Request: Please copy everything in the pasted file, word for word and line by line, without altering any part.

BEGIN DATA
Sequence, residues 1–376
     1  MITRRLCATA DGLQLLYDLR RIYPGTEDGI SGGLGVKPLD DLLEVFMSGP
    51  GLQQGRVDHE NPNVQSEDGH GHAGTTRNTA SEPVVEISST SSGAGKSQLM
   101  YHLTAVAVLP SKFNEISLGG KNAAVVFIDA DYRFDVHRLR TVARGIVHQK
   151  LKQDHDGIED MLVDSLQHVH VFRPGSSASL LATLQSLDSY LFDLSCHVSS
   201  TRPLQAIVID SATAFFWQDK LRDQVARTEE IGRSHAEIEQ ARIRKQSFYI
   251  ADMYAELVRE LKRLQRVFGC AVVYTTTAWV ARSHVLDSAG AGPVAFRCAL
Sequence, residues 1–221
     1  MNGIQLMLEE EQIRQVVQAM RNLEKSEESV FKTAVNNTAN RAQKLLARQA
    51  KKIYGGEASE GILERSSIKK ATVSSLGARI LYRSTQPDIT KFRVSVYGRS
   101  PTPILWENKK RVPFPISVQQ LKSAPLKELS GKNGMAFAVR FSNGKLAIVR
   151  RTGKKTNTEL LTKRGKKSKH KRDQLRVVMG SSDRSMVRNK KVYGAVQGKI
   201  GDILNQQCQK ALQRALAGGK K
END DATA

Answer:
Sequence, residues 1–376
     1  MITRRLCATA DGLQLLYDLR RIYPGTEDGI SGGLGVKPLD DLLEVFMSGP
    51  GLQQGRVDHE NPNVQSEDGH GHAGTTRNTA SEPVVEISST SSGAGKSQLM
   101  YHLTAVAVLP SKFNEISLGG KNAAVVFIDA DYRFDVHRLR TVARGIVHQK
   151  LKQDHDGIED MLVDSLQHVH VFRPGSSASL LATLQSLDSY LFDLSCHVSS
   201  TRPLQAIVID SATAFFWQDK LRDQVARTEE IGRSHAEIEQ ARIRKQSFYI
   251  ADMYAELVRE LKRLQRVFGC AVVYTTTAWV ARSHVLDSAG AGPVAFRCAL
Sequence, residues 1–221
     1  MNGIQLMLEE EQIRQVVQAM RNLEKSEESV FKTAVNNTAN RAQKLLARQA
    51  KKIYGGEASE GILERSSIKK ATVSSLGARI LYRSTQPDIT KFRVSVYGRS
   101  PTPILWENKK RVPFPISVQQ LKSAPLKELS GKNGMAFAVR FSNGKLAIVR
   151  RTGKKTNTEL LTKRGKKSKH KRDQLRVVMG SSDRSMVRNK KVYGAVQGKI
   201  GDILNQQCQK ALQRALAGGK K